In the late 1990s computers and the internet were new methods of communication, and the concept of formal networking as a means of learning was also very new. Both concepts survived the growth of the group and technology – webinars are now just as popular as face-to-face events off the farm.

1998

THE EARLY YEARS

The first dairy group started out small with 33 women in the Waikato, but 200 dairy women attended the first two conferences in 2000 and 2001 and DWN slowly grew from a mostly Waikato base. Despite the interest in a face-to-face event, however, the email group suffered from viruses and lack of internet access for rural communities. But the original four – Hilary, Christina, Willy and Robyn – all believed in the potential of the network and searched for other solutions.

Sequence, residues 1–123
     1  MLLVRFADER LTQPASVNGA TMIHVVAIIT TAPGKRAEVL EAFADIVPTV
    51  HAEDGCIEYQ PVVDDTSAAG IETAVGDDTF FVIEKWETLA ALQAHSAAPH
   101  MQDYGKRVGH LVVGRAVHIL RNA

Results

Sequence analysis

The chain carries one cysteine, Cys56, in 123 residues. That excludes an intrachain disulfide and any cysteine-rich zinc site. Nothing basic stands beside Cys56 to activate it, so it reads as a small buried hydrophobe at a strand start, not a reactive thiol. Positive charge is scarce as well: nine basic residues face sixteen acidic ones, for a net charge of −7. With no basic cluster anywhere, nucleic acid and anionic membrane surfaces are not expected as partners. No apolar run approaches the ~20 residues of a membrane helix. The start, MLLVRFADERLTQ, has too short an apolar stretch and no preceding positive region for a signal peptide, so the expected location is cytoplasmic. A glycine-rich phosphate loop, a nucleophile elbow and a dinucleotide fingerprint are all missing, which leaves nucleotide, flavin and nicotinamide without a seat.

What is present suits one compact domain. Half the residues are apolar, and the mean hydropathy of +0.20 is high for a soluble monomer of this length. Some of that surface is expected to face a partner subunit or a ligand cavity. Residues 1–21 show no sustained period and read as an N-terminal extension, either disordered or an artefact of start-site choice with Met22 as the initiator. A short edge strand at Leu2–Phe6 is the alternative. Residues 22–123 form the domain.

While casual catch ups around Hilary’s dining table were common, a formal structure was created with Hilary at the helm as the organisation’s Founding Chair. A suggestion from the late Bill Kain resulted in $30,000 of funding approved over three years to seed the dream, and Lynda Clark was employed as the first General Manager.

The next step was to create a conference in each island so all dairy women in the country could attend, and set up regional groups throughout NZ.

“I still remember standing on our deck at Roto-o-rangi, coming up with names of people to help us set up regional groups,” wrote Hilary in a history of DWN. “It was ‘oh yes, I know someone in Christchurch!’ or ‘I know someone in Greymouth!’ Then, to our dismay, a puff of wind took our list up and up, never to be seen again.”